Search Images Maps Play YouTube News Gmail Drive More »
Sign in
Screen reader users: click this link for accessible mode. Accessible mode has the same essential features but works better with your reader.

Patents

  1. Advanced Patent Search
Publication numberUS5080218 A
Publication typeGrant
Application numberUS 07/595,194
Publication dateJan 14, 1992
Filing dateOct 9, 1990
Priority dateDec 5, 1989
Fee statusLapsed
Publication number07595194, 595194, US 5080218 A, US 5080218A, US-A-5080218, US5080218 A, US5080218A
InventorsTakatomo Izume, Toshirou Shiraishi
Original AssigneeKabushiki Kaisha Toshiba
Export CitationBiBTeX, EndNote, RefMan
External Links: USPTO, USPTO Assignment, Espacenet
Vibratory feeding apparatus
US 5080218 A
Abstract
In a vibratory parts feeder, an output power of an inverter supplying AC voltage to each vibration generator (electric power supplied to the vibration generator) or input power to the inverter is controlled so as to reach the maximum during the feeding operation so that the operational frequency is automatically adjusted to the resonant frequency. That is, upon increase or decrease of the operational frequency at predetermined intervals, the value of power supplied to each vibration generator or the inverter input power is obtained. The obtained value is compared with the last obtained value whose data is stored in a storage. When the present value is larger than the last value, the operational frequency is repetitively increased or decreased in the same direction that the present power varies relative to the last power while it is repetitively increased or decreased in the direction opposite to the direction that the present power varies relative to the last power when the present value is smaller than the last value. These frequency shifts are repetitively performed until a resonant frequency is obtained, and the feeding operation is performed at the obtained resonant frequency.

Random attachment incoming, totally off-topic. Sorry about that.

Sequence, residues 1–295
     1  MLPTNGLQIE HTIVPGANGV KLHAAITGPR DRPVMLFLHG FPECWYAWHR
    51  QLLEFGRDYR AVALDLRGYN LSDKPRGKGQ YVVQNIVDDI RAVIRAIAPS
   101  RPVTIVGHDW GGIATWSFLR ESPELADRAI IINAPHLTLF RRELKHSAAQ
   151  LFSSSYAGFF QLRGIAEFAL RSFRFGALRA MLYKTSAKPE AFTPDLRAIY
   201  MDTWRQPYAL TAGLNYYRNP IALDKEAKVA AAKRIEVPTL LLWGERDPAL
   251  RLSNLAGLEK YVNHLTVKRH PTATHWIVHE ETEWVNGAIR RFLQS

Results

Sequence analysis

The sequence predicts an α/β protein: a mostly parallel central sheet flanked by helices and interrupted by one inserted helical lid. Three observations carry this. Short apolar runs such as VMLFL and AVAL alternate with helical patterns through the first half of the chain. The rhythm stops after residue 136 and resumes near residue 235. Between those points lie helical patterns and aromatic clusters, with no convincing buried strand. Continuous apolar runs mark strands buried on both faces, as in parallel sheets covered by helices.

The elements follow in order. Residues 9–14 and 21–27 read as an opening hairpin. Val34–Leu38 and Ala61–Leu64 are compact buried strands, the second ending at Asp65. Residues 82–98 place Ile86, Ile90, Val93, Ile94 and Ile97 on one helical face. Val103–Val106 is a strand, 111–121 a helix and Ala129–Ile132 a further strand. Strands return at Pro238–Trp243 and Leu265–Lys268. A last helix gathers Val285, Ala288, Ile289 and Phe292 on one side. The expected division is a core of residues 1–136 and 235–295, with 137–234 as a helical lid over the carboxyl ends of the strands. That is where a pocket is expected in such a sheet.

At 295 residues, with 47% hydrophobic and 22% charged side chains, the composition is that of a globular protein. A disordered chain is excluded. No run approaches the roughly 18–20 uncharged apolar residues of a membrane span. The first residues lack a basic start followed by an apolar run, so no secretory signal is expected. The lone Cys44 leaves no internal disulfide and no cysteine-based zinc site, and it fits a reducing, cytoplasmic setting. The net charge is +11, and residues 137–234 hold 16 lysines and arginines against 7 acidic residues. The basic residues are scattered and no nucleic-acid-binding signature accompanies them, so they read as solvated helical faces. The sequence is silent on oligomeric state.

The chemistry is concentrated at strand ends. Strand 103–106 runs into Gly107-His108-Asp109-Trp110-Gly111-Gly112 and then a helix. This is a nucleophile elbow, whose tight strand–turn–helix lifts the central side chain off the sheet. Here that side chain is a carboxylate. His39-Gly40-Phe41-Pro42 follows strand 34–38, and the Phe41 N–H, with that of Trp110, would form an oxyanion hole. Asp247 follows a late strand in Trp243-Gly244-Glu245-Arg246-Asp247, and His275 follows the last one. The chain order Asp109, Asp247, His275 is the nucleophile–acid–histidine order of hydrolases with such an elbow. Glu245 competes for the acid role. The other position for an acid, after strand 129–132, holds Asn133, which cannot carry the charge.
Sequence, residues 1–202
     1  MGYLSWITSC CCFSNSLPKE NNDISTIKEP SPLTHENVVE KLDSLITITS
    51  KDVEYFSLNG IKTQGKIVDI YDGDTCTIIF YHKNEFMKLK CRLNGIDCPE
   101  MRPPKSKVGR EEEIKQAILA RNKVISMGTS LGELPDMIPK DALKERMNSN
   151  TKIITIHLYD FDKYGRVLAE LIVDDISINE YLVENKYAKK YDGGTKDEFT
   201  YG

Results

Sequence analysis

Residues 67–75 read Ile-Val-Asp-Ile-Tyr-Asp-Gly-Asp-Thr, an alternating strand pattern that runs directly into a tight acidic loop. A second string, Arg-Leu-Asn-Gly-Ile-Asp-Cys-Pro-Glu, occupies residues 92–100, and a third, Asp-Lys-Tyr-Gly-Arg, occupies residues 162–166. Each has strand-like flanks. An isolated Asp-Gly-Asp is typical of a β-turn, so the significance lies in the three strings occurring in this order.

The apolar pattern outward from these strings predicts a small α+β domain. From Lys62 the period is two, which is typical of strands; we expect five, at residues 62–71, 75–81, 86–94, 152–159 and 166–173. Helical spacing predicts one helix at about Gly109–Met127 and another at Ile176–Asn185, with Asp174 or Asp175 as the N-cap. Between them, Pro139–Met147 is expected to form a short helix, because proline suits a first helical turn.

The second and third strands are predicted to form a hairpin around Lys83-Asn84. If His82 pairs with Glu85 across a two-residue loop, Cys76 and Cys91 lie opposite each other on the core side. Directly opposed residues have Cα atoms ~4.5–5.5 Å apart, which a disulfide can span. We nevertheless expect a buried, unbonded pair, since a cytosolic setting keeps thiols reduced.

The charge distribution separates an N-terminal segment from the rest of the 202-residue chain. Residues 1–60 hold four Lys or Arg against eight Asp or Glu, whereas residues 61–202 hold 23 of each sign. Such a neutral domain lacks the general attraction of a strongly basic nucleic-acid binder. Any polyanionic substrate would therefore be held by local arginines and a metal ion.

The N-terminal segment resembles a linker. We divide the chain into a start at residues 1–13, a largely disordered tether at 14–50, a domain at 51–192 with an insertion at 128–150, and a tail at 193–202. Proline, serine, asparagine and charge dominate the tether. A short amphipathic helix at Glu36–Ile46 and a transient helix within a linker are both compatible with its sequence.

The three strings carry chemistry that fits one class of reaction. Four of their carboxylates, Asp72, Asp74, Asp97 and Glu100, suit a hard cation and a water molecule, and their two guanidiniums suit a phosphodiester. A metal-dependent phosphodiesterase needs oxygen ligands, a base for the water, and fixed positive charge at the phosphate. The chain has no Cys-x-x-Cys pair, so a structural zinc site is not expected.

Images(12)
Previous page
Next page
Claims(10)
What we claim is:
1. A vibratory feeding apparatus comprising:
a) a DC power supply rectifying a commercial AC voltage to thereby supply a DC high voltage;
b) inverter means for inverting the DC high voltage supplied from said DC power supply to an AC voltage;
c) a plurality of piezoelectric elements for generating vibrations when the AC voltage is applied thereto;
d) feeding means vibrated by said piezoelectric elements, thereby feeding articles;
e) means for obtaining an effective value of the AC voltage applied to each said piezoelectric element;
f) means for obtaining an effective value of an AC current flowing into each said piezoelectric element;
g) means for obtaining the phase difference between the AC voltage and the AC current;
h) operational means for obtaining electric power supplied to each said piezoelectric element from the effective value of the AC voltage, the effective value of the AC current and the phase difference therebetween;
i) storage means for storing data of the electric power obtained by said operational means;
j) frequency changing means for changing frequencies of the AC voltage applied to each said piezoelectric element; and